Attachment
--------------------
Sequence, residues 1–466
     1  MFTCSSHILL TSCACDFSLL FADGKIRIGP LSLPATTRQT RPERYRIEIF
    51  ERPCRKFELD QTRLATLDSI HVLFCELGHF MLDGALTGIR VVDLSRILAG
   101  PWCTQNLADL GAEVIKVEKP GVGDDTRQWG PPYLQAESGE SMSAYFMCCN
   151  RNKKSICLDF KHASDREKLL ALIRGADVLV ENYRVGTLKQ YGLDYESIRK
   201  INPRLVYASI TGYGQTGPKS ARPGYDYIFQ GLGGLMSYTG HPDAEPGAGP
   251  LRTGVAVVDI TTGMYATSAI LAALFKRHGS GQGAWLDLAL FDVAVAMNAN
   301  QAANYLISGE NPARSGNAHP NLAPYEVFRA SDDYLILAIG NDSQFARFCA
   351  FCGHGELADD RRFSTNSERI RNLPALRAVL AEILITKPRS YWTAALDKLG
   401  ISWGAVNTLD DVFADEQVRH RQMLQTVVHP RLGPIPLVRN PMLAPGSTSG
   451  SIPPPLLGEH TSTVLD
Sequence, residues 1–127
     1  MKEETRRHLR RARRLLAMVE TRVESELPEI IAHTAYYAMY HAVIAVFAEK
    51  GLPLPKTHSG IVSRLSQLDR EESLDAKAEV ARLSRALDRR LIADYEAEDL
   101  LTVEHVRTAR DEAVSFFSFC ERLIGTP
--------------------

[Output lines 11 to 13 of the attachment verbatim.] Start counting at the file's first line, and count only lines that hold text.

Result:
   451  SIPPPLLGEH TSTVLD
Sequence, residues 1–127
     1  MKEETRRHLR RARRLLAMVE TRVESELPEI IAHTAYYAMY HAVIAVFAEK